Ken Bates, who today denied reports he is planning to relocate Leeds to South Leeds Stadium, has been told that entering administration may help to safeguard the club’s long-term future.
A report in a national newspaper claimed Bates is in talks with Leeds City Council about quitting Elland Road for the 2,500-seater stadium, which houses amateur rugby league club Hunslet Hawks.
Leeds have already sold Elland Road and their Thorp Arch training ground to cover previous cash shortfalls and the club’s playing squad is short of valuable assets with a large percentage of players out of contract this summer.
However, the Leeds chairman is planning to sue over the article and said: “I want to reassure all Leeds fans that we have no intention of moving anywhere else at all and intend to stay at Elland Road, certainly as long as I am chairman.
“Another allegation made was that we would redevelop Elland Road for property, implying we would make a lot of money out of it.
“It’s no secret that we want to redevelop around the edges to give us a seven-day-a-week, 52-weeks-a-year off-field income, and that’s what we intend to do in due course.”
Barring a small miracle, Leeds’ relegation will be mathematically confirmed on Sunday when they fall into the third tier for the first time in their history.
Speculation persists that Leeds’ darkest day on the pitch could be followed by administration – and a subsequent 10-point deduction – despite Bates’ attempts to attract new investment.
Leeds defender Gary Kelly has been linked to a possible Irish takeover bid for the club.
But, according to a leading football finance expert, administration need not necessarily sound the death knell for the fallen Premiership giants.
Professor Tom Cannon, of Kingston Business School, told PA Sport: “It would be no surprise to see Leeds driven into administration, simply to call a halt to the financial demands currently on them and to restructure their debt.
“It’s all very well Peter Ridsdale saying it has been four years since he was in charge, but the truth is that it takes time to get rid of such massive debt.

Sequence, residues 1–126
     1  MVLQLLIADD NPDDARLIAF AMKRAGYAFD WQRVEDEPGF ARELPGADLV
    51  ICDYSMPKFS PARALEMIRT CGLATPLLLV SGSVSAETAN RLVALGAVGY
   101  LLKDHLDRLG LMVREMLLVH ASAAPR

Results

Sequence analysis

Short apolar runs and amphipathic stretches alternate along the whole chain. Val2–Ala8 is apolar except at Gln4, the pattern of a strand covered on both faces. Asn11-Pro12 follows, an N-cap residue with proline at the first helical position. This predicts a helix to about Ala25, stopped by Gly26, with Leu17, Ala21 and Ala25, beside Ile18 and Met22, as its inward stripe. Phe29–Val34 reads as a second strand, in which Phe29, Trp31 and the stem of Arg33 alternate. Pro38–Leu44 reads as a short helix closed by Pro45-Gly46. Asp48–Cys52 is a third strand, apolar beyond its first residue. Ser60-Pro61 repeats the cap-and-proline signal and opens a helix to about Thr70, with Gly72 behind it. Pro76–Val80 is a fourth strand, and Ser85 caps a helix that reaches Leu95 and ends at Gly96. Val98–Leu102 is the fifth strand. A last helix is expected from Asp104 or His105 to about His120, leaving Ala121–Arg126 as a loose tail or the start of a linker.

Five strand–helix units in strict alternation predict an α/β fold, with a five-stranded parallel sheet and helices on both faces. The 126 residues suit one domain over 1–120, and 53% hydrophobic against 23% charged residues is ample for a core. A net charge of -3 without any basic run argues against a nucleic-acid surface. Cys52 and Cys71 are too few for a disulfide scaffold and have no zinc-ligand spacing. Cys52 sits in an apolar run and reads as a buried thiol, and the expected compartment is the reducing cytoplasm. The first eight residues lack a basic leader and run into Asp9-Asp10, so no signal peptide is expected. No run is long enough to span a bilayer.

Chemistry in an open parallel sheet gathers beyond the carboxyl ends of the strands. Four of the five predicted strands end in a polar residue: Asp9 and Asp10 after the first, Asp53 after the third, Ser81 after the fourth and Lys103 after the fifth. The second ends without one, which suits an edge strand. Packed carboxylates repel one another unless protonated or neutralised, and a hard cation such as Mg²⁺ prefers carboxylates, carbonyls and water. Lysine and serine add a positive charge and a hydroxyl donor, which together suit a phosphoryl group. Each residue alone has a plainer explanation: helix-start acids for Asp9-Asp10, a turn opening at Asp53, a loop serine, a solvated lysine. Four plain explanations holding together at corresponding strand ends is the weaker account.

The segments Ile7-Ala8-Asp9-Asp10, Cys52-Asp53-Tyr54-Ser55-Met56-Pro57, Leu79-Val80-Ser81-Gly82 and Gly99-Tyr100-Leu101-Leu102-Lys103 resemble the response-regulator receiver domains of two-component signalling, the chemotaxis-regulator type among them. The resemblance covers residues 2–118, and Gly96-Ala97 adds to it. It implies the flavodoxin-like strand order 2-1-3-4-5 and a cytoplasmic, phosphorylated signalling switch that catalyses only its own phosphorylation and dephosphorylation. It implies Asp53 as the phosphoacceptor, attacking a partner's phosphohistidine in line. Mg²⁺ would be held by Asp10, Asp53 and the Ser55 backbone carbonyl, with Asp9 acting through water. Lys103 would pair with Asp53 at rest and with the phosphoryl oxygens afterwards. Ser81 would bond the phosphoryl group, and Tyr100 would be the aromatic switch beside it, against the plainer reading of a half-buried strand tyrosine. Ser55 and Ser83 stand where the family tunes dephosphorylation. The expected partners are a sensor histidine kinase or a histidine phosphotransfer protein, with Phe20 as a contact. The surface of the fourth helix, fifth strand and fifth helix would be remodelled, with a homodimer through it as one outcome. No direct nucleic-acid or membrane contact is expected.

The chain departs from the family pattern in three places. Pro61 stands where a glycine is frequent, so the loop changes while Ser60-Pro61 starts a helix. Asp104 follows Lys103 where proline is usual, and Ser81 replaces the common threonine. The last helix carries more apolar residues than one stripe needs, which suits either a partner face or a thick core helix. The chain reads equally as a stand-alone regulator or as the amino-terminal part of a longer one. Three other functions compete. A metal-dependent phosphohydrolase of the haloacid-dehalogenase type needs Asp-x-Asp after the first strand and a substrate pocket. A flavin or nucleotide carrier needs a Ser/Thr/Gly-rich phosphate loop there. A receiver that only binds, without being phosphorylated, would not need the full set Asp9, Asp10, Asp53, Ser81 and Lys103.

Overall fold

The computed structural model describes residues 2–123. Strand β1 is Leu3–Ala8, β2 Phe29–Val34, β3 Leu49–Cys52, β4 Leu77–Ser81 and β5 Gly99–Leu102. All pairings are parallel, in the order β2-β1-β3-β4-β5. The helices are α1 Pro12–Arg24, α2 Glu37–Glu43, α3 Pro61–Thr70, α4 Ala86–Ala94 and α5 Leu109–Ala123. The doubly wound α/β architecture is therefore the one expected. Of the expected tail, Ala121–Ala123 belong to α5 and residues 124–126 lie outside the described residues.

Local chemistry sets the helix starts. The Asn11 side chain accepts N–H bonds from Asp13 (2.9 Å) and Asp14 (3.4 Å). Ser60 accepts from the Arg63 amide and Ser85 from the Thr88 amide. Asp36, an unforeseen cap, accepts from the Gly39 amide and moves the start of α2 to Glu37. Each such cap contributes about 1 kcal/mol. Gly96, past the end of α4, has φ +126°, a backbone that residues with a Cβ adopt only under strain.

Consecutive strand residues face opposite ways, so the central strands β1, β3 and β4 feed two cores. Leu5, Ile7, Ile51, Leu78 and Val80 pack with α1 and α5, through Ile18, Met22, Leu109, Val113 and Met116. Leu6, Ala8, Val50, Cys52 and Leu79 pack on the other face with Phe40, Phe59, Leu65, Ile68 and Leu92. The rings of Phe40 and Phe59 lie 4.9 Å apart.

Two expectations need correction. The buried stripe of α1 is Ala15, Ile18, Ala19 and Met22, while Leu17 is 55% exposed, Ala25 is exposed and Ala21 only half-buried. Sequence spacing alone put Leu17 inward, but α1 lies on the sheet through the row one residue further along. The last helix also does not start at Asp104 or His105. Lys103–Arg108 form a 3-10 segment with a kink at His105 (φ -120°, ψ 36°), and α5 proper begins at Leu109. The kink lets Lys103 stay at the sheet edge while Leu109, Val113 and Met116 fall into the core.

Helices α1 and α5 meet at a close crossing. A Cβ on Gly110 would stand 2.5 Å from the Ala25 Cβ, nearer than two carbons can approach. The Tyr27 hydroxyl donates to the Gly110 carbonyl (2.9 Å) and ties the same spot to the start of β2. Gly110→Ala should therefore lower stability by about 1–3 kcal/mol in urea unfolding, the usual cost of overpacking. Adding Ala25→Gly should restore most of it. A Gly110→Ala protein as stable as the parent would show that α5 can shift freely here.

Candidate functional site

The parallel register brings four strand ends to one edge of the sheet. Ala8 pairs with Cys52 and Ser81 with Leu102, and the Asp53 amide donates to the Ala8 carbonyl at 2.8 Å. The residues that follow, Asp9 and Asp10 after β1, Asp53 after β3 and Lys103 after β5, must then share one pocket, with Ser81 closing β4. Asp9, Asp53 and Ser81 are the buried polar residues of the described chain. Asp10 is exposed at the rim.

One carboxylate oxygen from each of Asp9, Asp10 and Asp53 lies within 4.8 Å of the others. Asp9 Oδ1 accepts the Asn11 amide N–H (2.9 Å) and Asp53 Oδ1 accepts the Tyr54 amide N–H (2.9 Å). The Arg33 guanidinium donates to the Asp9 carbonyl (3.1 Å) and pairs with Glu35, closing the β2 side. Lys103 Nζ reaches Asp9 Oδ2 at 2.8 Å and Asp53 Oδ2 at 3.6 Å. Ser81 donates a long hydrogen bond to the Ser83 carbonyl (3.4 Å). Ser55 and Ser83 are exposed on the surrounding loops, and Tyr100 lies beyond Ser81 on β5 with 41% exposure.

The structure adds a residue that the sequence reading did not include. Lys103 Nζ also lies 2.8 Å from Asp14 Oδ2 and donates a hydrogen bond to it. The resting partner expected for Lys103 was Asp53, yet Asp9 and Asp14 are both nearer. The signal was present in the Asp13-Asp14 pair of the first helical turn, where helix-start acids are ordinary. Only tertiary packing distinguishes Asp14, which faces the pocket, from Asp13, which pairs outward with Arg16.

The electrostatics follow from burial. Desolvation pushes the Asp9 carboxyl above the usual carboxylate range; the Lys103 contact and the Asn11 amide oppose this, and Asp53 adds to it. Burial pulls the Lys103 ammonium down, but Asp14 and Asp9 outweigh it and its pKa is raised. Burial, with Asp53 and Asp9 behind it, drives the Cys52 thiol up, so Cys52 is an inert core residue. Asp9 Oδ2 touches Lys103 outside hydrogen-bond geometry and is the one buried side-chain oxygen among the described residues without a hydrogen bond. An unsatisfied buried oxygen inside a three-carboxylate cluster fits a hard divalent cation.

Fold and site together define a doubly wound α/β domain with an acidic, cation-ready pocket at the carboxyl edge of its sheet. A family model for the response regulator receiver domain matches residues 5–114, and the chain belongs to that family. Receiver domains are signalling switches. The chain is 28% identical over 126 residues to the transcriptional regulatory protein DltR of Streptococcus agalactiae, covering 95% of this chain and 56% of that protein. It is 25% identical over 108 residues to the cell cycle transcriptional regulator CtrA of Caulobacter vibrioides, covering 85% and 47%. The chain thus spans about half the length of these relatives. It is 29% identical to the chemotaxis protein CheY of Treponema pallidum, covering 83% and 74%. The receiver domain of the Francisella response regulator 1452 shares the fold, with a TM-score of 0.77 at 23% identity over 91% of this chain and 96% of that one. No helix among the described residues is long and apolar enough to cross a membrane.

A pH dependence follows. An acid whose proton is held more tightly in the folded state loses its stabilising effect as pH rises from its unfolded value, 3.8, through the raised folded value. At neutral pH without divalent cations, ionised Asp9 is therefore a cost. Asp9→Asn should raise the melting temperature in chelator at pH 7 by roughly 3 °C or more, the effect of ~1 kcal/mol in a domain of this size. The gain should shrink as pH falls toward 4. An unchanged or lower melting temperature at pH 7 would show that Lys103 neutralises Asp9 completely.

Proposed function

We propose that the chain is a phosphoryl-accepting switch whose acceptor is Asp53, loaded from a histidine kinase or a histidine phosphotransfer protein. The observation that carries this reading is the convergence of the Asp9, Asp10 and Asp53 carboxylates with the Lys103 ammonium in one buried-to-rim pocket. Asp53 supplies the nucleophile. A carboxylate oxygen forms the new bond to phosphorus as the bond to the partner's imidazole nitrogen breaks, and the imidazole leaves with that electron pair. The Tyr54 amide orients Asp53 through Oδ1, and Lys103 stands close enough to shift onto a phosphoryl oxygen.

“A number of clubs have gone into administration and come out of it in a healthier position.
“They have restructured their loans and persuaded people like the Inland Revenue to take 25 pence in every pound.
“One of the best examples of that restructuring is Leicester City.
“They not only drew a line under their finances, but also persuaded a number of their former players, such as Gary Lineker, to put money into the club and save it from going out of business in 2002.
“The case of Leicester illustrates what can be done, and that going into administration could provide a better platform for recovery for Leeds United.”
Former Leeds chairman Gerald Krasner expects the club to be placed in the hands of administrators early next week.
Entering administration would allow Leeds time to repay their debts and subsequently devise a plan for the club to raise money.
According to Cannon, the lack of willing investors in the club is baffling.
He added: “Leeds presents itself as a richer city than Manchester, and certainly more affluent than Liverpool and obviously Newcastle.
“So you have to ask the question: What do the locals know that we don’t know?
“What is stopping them from getting involved? They didn’t get involved before Bates took over so it can’t just be down to him being there.
“There have been a lot of attempts to raise the money, so what do people know or suspect that we don’t know or suspect?”